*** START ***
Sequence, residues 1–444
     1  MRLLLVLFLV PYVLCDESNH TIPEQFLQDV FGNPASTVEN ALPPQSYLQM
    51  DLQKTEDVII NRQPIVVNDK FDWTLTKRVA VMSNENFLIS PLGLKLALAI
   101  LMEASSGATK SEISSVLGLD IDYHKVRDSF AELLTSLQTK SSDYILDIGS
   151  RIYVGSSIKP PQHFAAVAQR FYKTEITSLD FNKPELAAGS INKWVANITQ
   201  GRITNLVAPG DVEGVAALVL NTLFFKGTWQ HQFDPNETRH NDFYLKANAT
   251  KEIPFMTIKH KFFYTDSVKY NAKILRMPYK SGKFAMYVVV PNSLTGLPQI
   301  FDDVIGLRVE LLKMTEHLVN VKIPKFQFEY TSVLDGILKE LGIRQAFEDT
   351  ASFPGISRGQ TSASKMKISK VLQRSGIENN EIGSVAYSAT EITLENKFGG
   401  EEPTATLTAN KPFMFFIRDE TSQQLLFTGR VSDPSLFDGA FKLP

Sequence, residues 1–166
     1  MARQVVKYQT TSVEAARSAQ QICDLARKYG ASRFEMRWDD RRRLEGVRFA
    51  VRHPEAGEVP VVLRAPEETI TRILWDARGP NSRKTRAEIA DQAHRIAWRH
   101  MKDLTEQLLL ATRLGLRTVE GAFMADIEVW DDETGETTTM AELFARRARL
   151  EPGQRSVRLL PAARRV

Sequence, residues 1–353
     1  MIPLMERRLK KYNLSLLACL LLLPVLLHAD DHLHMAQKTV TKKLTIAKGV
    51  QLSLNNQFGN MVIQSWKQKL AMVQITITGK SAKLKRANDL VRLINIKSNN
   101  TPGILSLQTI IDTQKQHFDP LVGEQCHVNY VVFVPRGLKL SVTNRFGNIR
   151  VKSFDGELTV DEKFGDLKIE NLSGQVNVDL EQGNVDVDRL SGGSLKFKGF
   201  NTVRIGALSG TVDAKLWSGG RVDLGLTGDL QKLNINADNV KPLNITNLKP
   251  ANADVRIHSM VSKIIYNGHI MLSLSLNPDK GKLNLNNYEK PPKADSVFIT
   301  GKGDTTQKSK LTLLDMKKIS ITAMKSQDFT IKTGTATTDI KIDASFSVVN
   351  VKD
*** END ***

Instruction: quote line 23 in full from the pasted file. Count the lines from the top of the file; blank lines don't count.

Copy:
   301  GKGDTTQKSK LTLLDMKKIS ITAMKSQDFT IKTGTATTDI KIDASFSVVN